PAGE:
Below is a reprint of the September 30, 2014 Wall Street Journal guest op-ed piece that I wrote. It appeared on page A13 of the newspaper under the title (as chosen by the paper "Where All the Teachers Are Above Average.")
"New York recently released evaluations that rank 95% of the state's teachers as "highly effective" or "effective," 4% as "developing," and only 1% as "ineffective" for the 2012-13 school year. Never mind that more than half of the state's students in grades 4-8 weren't proficient in reading and math, according to statewide test scores.
Critics were amazed at how the state could have so many effective teachers and so many struggling students. But as a former New York state superintendent of schools for more than 20 years, I wasn't at all surprised. State law and school culture make it nearly impossible to get an honest evaluation of teachers' effectiveness.
According to the New York State Education Department, state law requires that 60% of a teacher's rating be based on classroom observations and other measures agreed upon at the local level through collective bargaining with the union. Another 20% is based on student performance on grades 4-8 statewide math and reading tests or "locally determined student learning objectives." The remaining 20% is again based on "locally determined" objective measures as bargained between school management and teachers unions.
New York State Education Commissioner John King noted that more than 80% of the teachers were rated exclusively under criteria determined by local districts or through negotiations. (New York City's teachers weren't included because the city and its teachers union couldn't agree on contract language that would permit reporting of teacher-evaluation data.)
School culture strongly frowns upon administrators rating teachers as less than satisfactory. Most elementary schools have fewer than three- or four-dozen teachers; they constitute a family with members supporting one another regardless of deficiencies. Fellow teachers are well aware when colleagues have personal issues that might diminish their effectiveness, and they expect administrators to compensate by being generous in their evaluations.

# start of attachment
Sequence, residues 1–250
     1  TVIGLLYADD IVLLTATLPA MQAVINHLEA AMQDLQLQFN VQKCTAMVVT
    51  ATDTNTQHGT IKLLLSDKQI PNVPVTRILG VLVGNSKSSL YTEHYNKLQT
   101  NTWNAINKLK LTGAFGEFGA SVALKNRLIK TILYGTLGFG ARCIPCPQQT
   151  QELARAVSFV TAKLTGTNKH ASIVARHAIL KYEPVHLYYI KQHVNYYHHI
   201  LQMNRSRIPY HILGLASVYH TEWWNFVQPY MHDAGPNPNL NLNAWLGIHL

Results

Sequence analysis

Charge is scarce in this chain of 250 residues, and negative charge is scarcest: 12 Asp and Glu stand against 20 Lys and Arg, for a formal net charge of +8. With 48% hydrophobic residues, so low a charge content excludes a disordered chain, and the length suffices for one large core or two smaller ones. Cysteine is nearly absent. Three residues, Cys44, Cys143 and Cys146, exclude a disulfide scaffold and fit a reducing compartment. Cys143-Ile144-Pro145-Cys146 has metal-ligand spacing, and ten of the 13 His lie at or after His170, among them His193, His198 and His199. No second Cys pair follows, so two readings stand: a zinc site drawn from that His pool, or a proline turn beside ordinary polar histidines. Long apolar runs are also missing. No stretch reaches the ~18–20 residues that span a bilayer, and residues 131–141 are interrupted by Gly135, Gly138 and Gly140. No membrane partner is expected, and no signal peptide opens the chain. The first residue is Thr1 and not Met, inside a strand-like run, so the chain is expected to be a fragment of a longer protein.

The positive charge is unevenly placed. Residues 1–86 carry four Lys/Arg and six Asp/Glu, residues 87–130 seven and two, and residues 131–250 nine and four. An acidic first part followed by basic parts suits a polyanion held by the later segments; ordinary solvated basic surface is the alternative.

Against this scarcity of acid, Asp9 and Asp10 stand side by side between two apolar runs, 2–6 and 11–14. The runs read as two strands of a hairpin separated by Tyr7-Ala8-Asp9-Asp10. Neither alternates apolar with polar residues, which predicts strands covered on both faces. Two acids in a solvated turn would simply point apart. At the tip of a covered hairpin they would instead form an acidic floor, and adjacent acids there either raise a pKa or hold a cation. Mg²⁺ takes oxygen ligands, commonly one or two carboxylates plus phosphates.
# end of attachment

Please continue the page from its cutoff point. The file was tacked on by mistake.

Administrators who are critical of teachers often lose the respect and cooperation of the faculty. Moreover, how can administrators explain to parents that their children have teachers rated ineffective but who remain in the classroom? Administrators in New York -- other than school superintendents -- are also eligible to receive lifelong tenure. Many of them thus have little incentive to rock the boat.
Changes are needed to honestly evaluate teachers. In New York, teachers and administrators are eligible for tenure after three years, which means decisions are made at around 2.5 years of experience. Unless a serious infraction takes place, tenure is almost always granted.
A decade ago, to much fanfare, New York started requiring 35 hours a year of "professional development" for teachers and administrators. But this requirement is farcical. Teachers who attend monthly faculty and grade-level meetings and the two or three superintendent's conference days required by union contract meet this requirement without additional training. School administrators can also satisfy their yearly requirement by participating in normal administrative activities.
Unless we rethink administrative and teacher tenure, it will be difficult to accurately measure teacher or school accountability. Here are some suggestions for a better way forward:
• No tenure for administrators. Give them five-year contracts detailing specific, realistic, measurable goals and criteria that will be used to determine success. At the end of the fourth year, the administrator should receive a formal evaluation to determine if a new five-year contract will be offered. Administrators would have the right to appeal a denied contract renewal to state Education Department officials for a binding determination.
• Tenure review for teachers. Teachers should be eligible for lifelong tenure but after a probationary period of five years instead of the current three. During this five-year period, they would assemble a portfolio for review by a committee comprised of three teachers, a state Education Department official and two school administrators. A majority of the six members would be necessary for recertification, which if approved would last seven years. Every seven years the process would be repeated.
There are good reasons for treating administrators and teachers differently. Teachers need protection from dismissal once their salaries increase with years of service and also need the freedom to use their professional judgment, which may sometimes differ from that of their supervisors.
Administrators, however, are leaders and managers who must be held accountable for school and student progress. If they cannot do so, another administrator must be given the opportunity."